In 2017, the museum opened a second building just above the block, which allowed it to add stories of a Chinese immigrant and a Puerto Rican family, and extend the timeline to the 1980s. But the researchers also did not find clearly documented black residents, immigrants or natives, in that building.
By that time, some educators had begun to fill in the gaps with Joseph Moore’s “other” story.
“People talked about it in their own way,” said Daryl Hamilton, the educator who first noticed the two Josephs on the city list and mentioned him on his tour. “One of the great things about the Tenement Museum is that we educators are left to interpret and present things in ways that seem right to us.”
Over the years, the museum has also invited black history scholars such as Leslie Harris, the author of “In the Shadow of Slavery: African Americans in New York City, 1626-1863”, to speak to his staff. And in 2019, he hired O’Brien, a graduate student at Rutgers University-Newark, to research what became the “Reclaiming Black Spaces” walking tour.
For some of the museum staff, that wasn’t enough. In a recent article on labor problems At the museum published in The Public Historian magazine, Erin Reid, an educator who was fired last July, said executives did not support all educators’ approach to Black Joseph Moore’s story.
“We didn’t have to talk much about this,” Reid recalled. “Managers would say, ‘Well, why are you talking about Draft Riots? Why are you talking about slavery? ‘”
Polland, who became president of the museum in January (after a stint as head of programs and interpretations from 2009 to 2018), acknowledged that some educators “felt unheard”. And he said previous reviews of the Irish apartment tour had left some difficult questions “unresolved”, including how to incorporate complex topics like 1863 civil war riot projects, during which white mobs (including Irish immigrants) attacked black New Yorkers.
But the museum, Polland said, “was listening and trying to figure out the best ways to handle the material, given the structure they had.”
City of opportunity?
Joseph and Rachel Moore’s apartment, on the fifth floor, won’t open until fall 2022. But starting in July, Moore’s current tour, called “Irish Outsiders”, will be replaced with a hybrid tour that will talk about both. i Joseph and will offer a preview of the museum’s detective work.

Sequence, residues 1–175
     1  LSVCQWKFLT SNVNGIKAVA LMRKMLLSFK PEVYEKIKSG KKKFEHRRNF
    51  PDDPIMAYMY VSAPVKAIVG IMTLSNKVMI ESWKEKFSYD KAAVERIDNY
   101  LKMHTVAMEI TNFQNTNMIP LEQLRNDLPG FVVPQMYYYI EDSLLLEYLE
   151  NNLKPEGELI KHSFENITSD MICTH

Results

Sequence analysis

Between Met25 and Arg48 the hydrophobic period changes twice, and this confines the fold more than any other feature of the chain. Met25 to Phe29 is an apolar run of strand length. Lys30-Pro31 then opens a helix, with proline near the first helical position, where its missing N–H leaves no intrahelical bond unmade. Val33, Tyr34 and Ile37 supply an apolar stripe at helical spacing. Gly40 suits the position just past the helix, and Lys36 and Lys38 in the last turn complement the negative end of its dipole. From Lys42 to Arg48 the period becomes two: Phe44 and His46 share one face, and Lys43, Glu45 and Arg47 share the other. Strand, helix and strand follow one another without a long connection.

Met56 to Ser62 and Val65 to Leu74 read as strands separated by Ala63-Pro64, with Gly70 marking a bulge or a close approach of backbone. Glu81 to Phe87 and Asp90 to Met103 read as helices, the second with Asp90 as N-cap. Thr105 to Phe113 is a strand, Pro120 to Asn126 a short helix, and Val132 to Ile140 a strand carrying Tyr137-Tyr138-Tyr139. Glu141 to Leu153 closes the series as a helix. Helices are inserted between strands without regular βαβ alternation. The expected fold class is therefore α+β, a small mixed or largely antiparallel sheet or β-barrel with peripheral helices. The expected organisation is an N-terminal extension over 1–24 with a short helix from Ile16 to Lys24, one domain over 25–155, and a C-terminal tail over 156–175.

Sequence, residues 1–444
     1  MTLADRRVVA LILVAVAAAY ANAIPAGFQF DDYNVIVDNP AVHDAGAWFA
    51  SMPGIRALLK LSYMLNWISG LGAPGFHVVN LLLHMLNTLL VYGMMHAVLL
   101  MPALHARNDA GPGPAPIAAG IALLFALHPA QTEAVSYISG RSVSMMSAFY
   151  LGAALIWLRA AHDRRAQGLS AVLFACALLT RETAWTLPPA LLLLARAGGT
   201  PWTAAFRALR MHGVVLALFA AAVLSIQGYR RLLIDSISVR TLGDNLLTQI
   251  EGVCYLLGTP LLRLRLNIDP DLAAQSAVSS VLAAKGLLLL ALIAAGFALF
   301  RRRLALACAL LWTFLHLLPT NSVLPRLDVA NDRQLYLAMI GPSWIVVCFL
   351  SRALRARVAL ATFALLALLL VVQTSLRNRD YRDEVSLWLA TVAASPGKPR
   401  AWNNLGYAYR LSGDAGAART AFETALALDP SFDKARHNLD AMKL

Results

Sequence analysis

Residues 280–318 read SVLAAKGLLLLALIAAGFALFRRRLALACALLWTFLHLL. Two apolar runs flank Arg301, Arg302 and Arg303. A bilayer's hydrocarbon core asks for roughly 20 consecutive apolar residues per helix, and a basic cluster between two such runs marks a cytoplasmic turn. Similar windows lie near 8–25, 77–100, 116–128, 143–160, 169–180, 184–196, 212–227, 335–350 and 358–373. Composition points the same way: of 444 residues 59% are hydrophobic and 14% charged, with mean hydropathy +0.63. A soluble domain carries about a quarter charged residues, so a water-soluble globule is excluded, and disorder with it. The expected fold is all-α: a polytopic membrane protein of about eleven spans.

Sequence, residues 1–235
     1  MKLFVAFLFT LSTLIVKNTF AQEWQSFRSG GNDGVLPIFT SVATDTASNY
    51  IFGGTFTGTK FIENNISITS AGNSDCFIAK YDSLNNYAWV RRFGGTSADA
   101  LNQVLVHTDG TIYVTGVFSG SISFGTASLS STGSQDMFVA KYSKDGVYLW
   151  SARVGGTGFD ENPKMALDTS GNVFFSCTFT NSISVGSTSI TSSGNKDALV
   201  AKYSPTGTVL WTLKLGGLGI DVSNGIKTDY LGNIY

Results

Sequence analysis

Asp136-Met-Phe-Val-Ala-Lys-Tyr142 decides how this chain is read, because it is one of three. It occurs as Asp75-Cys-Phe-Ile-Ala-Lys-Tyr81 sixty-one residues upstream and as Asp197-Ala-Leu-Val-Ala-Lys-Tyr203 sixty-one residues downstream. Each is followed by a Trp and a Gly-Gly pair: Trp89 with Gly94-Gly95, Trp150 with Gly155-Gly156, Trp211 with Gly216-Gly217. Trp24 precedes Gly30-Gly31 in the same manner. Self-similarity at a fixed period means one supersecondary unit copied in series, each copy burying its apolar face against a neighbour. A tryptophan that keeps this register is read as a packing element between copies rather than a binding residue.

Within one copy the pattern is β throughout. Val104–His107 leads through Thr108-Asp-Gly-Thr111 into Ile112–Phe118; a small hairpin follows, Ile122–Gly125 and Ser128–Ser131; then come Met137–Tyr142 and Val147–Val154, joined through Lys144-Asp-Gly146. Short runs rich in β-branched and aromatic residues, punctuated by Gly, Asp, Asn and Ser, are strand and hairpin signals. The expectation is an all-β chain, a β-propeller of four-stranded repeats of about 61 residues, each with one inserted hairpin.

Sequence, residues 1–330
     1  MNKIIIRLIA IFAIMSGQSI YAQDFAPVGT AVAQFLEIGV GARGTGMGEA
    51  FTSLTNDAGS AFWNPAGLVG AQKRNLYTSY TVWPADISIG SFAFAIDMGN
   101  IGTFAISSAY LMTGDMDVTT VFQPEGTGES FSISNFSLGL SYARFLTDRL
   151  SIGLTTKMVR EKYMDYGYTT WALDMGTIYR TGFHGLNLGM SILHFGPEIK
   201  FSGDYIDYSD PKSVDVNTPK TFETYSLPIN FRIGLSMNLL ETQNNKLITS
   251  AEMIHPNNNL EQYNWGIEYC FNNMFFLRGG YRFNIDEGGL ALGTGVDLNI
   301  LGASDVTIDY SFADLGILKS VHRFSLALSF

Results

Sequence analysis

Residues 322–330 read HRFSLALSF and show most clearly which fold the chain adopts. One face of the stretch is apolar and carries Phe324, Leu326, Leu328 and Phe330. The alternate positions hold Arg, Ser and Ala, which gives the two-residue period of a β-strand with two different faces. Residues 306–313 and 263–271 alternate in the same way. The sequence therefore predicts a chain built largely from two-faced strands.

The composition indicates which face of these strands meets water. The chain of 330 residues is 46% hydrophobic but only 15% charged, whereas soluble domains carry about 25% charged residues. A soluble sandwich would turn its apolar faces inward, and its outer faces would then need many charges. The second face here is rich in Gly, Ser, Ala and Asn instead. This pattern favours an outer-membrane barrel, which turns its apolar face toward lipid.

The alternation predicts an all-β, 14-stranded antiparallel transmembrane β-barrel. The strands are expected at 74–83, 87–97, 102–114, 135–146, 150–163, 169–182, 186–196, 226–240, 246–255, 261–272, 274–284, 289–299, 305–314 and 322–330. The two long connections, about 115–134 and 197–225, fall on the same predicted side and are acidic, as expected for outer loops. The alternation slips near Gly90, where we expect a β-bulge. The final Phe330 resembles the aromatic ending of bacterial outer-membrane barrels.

The Black Moore was born free in 1836 in Belvidere, NJ, a rural town halfway between New York and Philadelphia. (Slavery was not completely abolished in New Jersey until the Civil War.) He moved to New York in the late 1850s.
In 1869, as the list shows, he lived in a back apartment at 17 Laurens Street in what is now SoHo. (Both the street and the building no longer exist.) In 1860, the Eighth Ward – and Moore’s apartment – housed a mix of black, Irish, and married black and Irish families.
The museum talks about Moore as a kind of internal immigrant who came to New York to seek opportunities, and perhaps greater security, at a time when the Fugitive Slave Act also put free blacks in danger of kidnapping. In mid-19th-century New York, serving at tables was a high-paying job, with black waiters in high demand. (The finished Moore apartment will include a copy of an 1848 manual by hotel administrator Black Tunis Campbell, believed to be the first of its kind.)
And highly skilled black waiters were sometimes paid more than their white immigrant counterparts, in part, notes Professor Harris in Harris a movie made for the museum’s recent fundraising gala, because they had organized and fought for those wages.
The history of relations between blacks and Irish New Yorkers is often remembered as a story primarily of antagonism, which flared up in violence in the Riots of 1863. And after the Civil War, according to Harris, black waiters were increasingly rejected, as white patrons they asked to be served by the whites.
But the picture, the museum points out, is more complicated. After the riots, some 2,000 black residents fled the city. But in 1869 Moore was still there. Did he have alliances with his Irish neighbors who helped protect him, O’Brien wonders?
With many of the European immigrant families whose stories are told at the museum, their descendants have climbed the socioeconomic ladder, leaving social housing for middle-class prosperity in the suburbs.
In 1880, Joseph Moore lives in Jersey City. But then his tracks, at least so far, cool down. And for African Americans in general, O’Brien said, the upward trajectory of inclusion in the American dream has often been blocked.
“You don’t have that neat, clean ending,” he said. “There is no resolution to be considered an American.”
There is a lot to discover on Black Joseph Moore, including, the museum hopes, some living descendants. But the intricacies of black history, Polland said, are part of every American’s history, no matter how and when their family got here.
“We’re rediscovering ourselves and trying to figure out who we are,” he said of the museum. “Once you start looking for this story, it’s all around us.”